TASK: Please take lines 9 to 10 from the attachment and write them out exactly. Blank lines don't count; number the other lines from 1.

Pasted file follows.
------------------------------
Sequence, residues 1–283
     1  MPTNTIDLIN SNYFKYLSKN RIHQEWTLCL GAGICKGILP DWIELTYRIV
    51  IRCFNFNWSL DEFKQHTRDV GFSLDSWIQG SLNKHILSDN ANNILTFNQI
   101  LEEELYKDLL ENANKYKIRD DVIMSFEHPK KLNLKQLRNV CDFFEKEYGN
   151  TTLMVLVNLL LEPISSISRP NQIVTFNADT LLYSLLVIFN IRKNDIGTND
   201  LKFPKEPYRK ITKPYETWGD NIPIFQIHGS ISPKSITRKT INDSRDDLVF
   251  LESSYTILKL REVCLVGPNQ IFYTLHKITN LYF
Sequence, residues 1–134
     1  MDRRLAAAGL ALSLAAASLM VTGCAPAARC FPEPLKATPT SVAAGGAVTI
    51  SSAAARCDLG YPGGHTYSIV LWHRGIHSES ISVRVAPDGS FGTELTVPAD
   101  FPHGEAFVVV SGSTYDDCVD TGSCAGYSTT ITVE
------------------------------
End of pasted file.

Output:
     1  MDRRLAAAGL ALSLAAASLM VTGCAPAARC FPEPLKATPT SVAAGGAVTI
    51  SSAAARCDLG YPGGHTYSIV LWHRGIHSES ISVRVAPDGS FGTELTVPAD